Higher preoperative levels of serum albumin were significantly associated with greater overall survival among patients undergoing resection of pancreatic adenocarcinoma.
A new study in PLOS One shows that higher preoperative levels of serum albumin were significantly associated with greater overall survival among patients undergoing resection of pancreatic adenocarcinoma.
“This benefit does not appear to be related to quality indicators for perioperative outcomes including blood loss, margin status, or 30-day re-hospitalization,” wrote researchers led by Andrew E. Hendifar, MD, MPH, of Cedars-Sinai Medical Center. “There was an association between lower serum albumin and transfusion rate and length of hospital stay of questionable clinical significance.”
The study also found that a significant decrease in serum albumin levels was associated with a decrease in disease-free survival.
According to the study, previous research has linked obesity with the development of pancreatic adenocarcinoma, as well as negative outcomes among patients with the disease. The cause for the link between obesity and pancreatic adenocarcinoma is still unknown.
In this study, Hendifar and colleagues evaluated if body mass index (BMI) and serum albumin had an effect on perioperative outcomes and survival among patients with resected pancreatic adenocarcinoma. They evaluated records from 1,545 patients with pancreatic adenocarcinoma at a single institution between 2007 and 2013. Of this group, 106 patients had undergone upfront surgery for their disease with curative intent.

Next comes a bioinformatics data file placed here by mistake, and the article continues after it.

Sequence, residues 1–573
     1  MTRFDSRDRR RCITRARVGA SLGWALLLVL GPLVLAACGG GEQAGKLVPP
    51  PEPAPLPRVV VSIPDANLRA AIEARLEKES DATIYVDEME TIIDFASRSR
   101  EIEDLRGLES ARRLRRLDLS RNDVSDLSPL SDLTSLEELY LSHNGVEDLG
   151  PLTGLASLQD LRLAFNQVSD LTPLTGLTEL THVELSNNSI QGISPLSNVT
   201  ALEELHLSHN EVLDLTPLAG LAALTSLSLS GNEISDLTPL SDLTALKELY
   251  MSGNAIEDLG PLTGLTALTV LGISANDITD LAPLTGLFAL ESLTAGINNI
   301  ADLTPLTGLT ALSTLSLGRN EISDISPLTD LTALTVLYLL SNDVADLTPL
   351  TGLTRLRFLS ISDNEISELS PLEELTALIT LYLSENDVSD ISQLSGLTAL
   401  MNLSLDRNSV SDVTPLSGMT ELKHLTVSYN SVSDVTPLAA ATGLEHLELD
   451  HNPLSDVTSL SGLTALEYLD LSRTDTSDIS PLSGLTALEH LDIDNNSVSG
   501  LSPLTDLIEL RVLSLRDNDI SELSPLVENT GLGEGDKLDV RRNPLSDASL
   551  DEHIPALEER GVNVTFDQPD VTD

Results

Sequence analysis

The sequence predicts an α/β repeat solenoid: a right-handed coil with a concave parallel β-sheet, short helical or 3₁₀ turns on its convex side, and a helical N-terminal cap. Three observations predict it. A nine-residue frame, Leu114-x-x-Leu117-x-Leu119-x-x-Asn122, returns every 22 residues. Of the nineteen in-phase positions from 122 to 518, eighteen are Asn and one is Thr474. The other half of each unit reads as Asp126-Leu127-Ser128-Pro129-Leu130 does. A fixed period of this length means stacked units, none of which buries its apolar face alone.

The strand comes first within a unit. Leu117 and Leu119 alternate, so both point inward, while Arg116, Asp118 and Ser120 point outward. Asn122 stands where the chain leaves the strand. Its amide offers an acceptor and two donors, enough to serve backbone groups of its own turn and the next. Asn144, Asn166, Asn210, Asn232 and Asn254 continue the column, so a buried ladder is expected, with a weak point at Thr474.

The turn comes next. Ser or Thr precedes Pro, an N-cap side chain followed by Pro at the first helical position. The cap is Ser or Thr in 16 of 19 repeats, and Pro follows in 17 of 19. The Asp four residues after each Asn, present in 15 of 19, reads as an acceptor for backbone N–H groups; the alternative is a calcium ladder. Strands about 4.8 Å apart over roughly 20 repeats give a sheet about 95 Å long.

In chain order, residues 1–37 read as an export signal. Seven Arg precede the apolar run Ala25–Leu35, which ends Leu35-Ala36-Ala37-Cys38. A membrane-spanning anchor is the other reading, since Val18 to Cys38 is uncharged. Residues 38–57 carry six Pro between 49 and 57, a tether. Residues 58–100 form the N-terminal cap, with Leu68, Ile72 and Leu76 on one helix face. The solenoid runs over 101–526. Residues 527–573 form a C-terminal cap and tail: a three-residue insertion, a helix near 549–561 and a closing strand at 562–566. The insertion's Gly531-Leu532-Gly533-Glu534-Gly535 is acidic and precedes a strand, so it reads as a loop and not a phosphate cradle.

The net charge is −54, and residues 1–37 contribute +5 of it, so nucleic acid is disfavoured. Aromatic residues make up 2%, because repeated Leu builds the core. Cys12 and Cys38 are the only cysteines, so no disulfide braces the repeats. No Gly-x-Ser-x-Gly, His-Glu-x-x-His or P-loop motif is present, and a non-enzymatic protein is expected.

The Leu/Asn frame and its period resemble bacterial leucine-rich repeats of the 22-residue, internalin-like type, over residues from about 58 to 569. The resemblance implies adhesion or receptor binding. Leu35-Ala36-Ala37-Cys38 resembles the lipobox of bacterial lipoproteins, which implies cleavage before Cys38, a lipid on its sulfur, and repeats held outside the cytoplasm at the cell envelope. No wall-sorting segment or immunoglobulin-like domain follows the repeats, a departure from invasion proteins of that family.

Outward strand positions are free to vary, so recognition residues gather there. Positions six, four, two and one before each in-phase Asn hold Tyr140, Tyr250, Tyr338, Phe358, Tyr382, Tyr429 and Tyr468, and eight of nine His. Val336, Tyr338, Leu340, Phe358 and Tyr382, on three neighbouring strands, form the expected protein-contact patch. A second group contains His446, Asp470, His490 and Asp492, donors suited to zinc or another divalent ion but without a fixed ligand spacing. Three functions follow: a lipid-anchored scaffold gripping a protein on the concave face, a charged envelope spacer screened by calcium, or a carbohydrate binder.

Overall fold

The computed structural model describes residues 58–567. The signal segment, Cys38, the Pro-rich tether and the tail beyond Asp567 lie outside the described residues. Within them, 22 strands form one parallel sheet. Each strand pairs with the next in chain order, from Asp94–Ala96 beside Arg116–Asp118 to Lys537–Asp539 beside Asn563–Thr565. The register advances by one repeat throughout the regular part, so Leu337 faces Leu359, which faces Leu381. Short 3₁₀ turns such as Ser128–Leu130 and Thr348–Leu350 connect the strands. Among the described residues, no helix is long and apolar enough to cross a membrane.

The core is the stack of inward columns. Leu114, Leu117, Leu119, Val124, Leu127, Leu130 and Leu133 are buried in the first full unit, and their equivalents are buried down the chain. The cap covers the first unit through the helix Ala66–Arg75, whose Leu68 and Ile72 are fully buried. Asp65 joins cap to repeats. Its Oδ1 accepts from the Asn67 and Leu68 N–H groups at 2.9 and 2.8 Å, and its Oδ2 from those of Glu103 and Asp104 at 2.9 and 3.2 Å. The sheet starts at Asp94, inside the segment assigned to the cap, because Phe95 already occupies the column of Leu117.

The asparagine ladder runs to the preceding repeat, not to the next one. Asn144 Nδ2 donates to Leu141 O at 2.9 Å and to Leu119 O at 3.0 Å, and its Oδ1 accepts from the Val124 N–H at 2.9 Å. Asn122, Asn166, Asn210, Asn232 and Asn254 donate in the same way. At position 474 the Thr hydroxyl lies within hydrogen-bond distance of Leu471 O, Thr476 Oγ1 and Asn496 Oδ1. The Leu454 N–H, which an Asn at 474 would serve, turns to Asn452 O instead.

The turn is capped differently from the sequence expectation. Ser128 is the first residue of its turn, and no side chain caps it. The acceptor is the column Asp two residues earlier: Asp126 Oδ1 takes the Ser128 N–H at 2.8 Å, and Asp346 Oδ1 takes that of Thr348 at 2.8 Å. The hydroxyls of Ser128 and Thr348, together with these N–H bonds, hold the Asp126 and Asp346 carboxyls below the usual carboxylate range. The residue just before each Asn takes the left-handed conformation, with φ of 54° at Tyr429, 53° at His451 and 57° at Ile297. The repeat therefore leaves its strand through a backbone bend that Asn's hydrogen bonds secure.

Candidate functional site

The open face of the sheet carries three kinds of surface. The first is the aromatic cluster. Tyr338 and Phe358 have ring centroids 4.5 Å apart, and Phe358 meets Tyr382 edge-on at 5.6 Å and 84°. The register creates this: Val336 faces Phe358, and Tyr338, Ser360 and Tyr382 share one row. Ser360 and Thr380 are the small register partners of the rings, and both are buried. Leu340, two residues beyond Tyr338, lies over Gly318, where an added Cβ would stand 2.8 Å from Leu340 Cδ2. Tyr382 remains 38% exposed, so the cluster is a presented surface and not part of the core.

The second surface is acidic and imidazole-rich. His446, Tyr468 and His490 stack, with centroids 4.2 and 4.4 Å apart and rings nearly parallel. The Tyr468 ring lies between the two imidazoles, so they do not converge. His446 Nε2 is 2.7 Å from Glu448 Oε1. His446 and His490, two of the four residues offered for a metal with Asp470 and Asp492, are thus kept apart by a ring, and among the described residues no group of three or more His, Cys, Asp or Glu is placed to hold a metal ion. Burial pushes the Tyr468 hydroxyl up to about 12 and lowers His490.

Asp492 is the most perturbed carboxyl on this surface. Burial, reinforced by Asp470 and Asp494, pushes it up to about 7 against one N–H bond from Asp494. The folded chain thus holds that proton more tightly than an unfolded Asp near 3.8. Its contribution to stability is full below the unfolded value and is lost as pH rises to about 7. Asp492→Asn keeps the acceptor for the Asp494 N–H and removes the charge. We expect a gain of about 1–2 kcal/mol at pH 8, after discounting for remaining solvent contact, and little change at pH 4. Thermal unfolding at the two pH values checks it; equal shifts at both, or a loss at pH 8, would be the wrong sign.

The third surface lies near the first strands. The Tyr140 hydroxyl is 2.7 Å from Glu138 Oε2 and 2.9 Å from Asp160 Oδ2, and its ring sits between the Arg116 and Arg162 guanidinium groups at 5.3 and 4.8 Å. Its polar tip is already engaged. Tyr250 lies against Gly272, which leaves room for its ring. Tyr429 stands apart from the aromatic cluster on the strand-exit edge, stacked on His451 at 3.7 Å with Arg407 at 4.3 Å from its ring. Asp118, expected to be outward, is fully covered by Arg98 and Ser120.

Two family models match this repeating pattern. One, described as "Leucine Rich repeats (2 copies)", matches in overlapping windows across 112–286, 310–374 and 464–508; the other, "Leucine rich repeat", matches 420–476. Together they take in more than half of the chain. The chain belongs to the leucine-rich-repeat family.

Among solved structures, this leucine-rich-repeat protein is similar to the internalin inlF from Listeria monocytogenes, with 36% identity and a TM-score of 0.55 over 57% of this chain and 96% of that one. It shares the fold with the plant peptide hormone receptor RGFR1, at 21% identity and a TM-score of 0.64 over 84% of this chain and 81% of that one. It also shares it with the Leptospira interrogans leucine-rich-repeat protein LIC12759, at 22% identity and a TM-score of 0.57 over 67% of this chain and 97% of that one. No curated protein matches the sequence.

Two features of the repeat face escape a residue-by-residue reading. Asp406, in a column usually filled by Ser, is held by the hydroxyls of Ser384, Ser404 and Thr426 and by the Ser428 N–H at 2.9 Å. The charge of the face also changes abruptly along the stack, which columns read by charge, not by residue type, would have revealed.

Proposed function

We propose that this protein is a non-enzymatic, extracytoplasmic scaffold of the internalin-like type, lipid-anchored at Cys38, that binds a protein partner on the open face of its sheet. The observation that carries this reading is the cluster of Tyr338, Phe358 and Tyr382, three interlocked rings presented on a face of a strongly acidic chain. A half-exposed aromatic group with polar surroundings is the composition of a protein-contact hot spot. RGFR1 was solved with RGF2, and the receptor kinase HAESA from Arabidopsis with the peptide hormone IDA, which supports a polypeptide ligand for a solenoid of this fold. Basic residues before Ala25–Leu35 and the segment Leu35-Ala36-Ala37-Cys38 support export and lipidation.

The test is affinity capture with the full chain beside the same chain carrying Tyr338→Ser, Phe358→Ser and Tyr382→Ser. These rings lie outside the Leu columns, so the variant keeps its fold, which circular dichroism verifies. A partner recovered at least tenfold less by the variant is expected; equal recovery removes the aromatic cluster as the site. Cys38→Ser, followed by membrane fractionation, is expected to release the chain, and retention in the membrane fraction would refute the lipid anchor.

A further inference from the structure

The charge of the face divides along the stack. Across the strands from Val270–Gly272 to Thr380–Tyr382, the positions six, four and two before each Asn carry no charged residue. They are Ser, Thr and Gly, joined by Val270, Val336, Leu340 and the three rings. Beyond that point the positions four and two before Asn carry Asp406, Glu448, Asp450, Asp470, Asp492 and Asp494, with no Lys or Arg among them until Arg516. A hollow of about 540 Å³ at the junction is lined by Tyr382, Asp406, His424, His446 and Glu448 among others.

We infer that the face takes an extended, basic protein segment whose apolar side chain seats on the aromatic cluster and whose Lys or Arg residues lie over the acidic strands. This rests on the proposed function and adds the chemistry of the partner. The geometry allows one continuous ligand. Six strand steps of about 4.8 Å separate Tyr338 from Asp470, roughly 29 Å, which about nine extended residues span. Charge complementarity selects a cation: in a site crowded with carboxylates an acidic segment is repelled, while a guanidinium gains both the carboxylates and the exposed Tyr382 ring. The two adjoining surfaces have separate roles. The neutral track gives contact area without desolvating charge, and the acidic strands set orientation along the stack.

Preoperative BMI or serum albumin was not available for all patients in the study. At baseline, the majority of patients had a BMI between 19 and 29 (n = 77). The median preoperative BMI was 24.1, with a median change of –1.6. Preoperative serum albumin was less than 3.5 in 57 patients and 3.5 or greater in 40 patients. The median preoperative serum albumin level was 3.3 and the median change was –0.4.
Very few perioperative outcomes could be linked with pretreatment serum albumin or BMI. However, the researchers did find that a patient’s length of hospital stay was associated with a low BMI (P = .023), change in BMI (P = .003), and low serum albumin (P = .004). In addition, postoperative transfusion rate was associated with serum albumin (P = .021).
The median survival of patients was 14 months and the median time to disease recurrence was 11 months.
When the researchers conducted a multivariate analysis, they found that change in serum albumin (P = .03) and node positivity (P = .008) were both significantly associated with a decreased disease-free survival. Level of preoperative serum albumin (P = .023), node positivity (P = .026), and poor differentiation (P = .045) were all significantly associated with a worse overall survival.
Lower levels of preoperative serum albumin were associated with both worse disease-free and overall survival among patients who underwent resection of pancreatic adenocarcinoma.
“One would assume that a patient with poor nutrition status would have increased hospitalization rates or increased perioperative morbidity. However, our data suggests that decreased albumin is a poor prognostic factor independent of perioperative morbidity especially in excess of 0.6 g/dL,” the researchers wrote. “This may potentially reflect more aggressive cancer biology.”